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How to Negotiate Properly

How to Negotiate Properly

How to Negotiate Properly

In order to negotiate properly, you need to identify three things:

  1. Exactly what you want.
  2. What the other person wants.
  3. What is logically possible.

Look at the small intersection that satisfies all three sets.

This is where you will find your negotiated solution.

Notice how small the negotiated solution is, when compared to the whole model.

The negotiated solution represents a severely restricted set of circumstances; and that is why a negotiated settlement is sometimes difficult to find.

This diagram suggests three common negotiation errors:

  1. Trying to get everything YOU want, without giving much regard to what the other party wants, (The "Crush your enemy" approach to negotiation).
  2. Giving too much away to the other person, in the hope they will be nice to you in return, ("The Supplicant" - Theresa May's - approach to negotiation).
  3. Ignore the reality of the situation; and create a fantasy, make-believe solution that pleases both parties but cannot be implemented in practice, ("The Wishful thinking", approach to negotiation).

Please note these three common errors and avoid them.

Success in negotiation requires that you make careful preparations. You will perform better in negotiations, if you are well prepared.

Preparation includes analysing the three fields listed above, starting with the first field, "what you want".

The "what you want" field can be broken into three sub-sets.

  1. What you MUST have.
  2. What you would like to have.
  3. What is desirable, but what you could live-without and therefore could act as a "negotiable variable". (A negotiable variable is a factor that you can add to the negotiation to make your proposition more attractive to the other person, without damaging your own self-interest).

Communication - Persuasive Communication : How to Negotiate Properly

1. What you must have.

This means what it says. These are the major elements that you consider essential. You cannot agree to any situation which omits these major elements.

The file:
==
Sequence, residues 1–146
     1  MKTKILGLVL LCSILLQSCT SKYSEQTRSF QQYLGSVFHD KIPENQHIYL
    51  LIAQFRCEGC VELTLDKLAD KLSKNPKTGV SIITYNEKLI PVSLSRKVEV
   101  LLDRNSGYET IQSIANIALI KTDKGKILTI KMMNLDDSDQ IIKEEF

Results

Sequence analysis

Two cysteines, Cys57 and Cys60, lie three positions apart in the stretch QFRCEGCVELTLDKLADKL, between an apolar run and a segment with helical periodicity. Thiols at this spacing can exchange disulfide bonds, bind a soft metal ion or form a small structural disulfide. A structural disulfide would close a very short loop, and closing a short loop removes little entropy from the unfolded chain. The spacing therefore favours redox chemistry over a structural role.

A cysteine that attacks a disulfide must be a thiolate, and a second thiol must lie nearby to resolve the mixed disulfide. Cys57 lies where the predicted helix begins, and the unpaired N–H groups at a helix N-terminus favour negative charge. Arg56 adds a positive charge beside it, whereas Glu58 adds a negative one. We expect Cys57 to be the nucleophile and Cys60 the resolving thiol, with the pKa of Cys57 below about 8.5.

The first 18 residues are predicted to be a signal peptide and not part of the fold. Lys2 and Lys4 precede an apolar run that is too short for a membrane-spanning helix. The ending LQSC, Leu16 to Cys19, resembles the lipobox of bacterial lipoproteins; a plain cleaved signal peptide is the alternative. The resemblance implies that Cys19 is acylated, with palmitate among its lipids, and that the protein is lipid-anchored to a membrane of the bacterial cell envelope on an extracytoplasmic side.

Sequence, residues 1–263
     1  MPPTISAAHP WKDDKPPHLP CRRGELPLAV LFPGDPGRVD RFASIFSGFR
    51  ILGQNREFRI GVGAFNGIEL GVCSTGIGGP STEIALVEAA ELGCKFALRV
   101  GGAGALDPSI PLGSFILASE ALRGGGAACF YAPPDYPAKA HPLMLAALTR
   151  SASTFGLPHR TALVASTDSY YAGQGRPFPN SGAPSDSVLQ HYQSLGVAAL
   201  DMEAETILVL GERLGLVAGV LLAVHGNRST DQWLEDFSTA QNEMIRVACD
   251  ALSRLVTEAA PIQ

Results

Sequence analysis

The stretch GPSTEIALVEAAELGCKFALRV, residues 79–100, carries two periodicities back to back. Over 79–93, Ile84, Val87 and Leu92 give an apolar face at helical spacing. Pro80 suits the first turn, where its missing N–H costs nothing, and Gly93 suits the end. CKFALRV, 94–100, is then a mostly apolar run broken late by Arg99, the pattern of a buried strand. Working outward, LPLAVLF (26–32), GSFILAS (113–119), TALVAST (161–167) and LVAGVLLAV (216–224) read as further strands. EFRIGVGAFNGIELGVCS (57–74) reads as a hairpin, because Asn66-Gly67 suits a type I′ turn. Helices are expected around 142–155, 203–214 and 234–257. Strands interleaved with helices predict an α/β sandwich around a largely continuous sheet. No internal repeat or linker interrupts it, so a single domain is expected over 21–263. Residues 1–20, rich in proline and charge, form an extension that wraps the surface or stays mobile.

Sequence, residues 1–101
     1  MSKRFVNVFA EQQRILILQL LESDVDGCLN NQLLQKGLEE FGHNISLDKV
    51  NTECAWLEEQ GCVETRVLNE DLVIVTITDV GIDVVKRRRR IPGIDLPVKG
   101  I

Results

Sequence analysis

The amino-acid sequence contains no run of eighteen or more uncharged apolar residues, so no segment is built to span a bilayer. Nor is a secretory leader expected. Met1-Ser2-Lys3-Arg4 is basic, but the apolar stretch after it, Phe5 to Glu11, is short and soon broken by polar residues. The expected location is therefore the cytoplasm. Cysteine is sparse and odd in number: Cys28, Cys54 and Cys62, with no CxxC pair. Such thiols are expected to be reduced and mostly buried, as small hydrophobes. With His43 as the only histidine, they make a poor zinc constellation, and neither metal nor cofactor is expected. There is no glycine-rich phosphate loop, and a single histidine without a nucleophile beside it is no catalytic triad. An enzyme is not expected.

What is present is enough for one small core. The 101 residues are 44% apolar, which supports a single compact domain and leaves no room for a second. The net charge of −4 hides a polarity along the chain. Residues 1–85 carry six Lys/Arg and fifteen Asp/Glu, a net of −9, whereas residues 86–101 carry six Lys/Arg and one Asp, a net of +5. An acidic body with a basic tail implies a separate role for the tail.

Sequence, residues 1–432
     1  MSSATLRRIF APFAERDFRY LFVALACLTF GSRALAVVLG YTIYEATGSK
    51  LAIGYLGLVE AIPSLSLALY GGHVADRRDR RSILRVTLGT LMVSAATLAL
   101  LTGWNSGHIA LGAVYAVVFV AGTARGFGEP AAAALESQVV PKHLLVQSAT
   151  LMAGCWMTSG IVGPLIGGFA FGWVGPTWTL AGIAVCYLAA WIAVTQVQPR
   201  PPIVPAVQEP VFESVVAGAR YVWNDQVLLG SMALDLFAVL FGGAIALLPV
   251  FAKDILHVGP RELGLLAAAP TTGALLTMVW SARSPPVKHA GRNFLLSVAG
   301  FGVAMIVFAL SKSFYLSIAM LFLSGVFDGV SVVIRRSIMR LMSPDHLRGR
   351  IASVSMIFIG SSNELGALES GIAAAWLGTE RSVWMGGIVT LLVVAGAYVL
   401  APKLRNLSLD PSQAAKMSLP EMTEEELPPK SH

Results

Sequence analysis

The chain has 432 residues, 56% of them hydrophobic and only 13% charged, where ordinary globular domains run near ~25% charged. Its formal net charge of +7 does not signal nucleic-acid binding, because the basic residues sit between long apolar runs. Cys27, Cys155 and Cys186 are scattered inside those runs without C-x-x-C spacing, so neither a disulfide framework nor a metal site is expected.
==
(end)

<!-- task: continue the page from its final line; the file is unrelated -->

2. What you would like to have.

These are NOT major elements. These are factors that are important to you, but are not essential to your well-being and therefore do not fall into the first category.

3. What is desirable but what you could live without and could act as a "negotiable variable".

These are the many minor desirable items which you could forego, in exchange for a concession from the other side.

It is very important that you list all the things you want, but could live without, and therefore could trade as negotiable variables.

Prepare a list of negotiable variables.

Remember what a negotiable variable is. It is a factor that you can add into the equation (or one that you can remove) in order make your proposition more attractive to the other person without damaging your own self-interest.

The ideal is to have a nice long list of negotiable variables that are perceived as high value to the other person, but they are of low cost to you to provide.

4. To be super-successful, more preparation is required.

To the degree possible, try to predict the same three sets from your opponent's perspective. What things do you think your opponent:

  1. Must have?
  2. Would very much like to have?
  3. Could easily give away?

If you can pre-empt their thinking in these matters, then you have a greater chance of finding a beneficial negotiated settlement.

5. Finally, identify any logical constraints.

Identify what is NOT possible.

Everything has limits, including the negotiated solution.

You need to know what are the constraints imposed upon both parties?

  1. What are the practical constraints?
  2. What are the legal constraints?
  3. The time constraints?
  4. The company-policy constraints?
  5. The moral constraints? We think about the moral constraints because we want to be nice people.

Negotiation Skills Training

Learn about all the above skills and more, on our one-day Negotiation Skills Training Course which we can deliver at your premises.

About the Author: Chris Farmer

Chris

Chris Farmer is the founder of the Corporate Coach Group and has many years’ experience in training leaders and managers, in both the public and private sectors, to achieve their organisational goals, especially during tough economic times. He is also well aware of the disciplines and problems associated with running a business.

Over the years, Chris has designed and delivered thousands of training programmes and has coached and motivated many management teams, groups and individuals. His training programmes are both structured and clear, designed to help delegates organise their thinking and, wherever necessary, to improve their techniques and skills.

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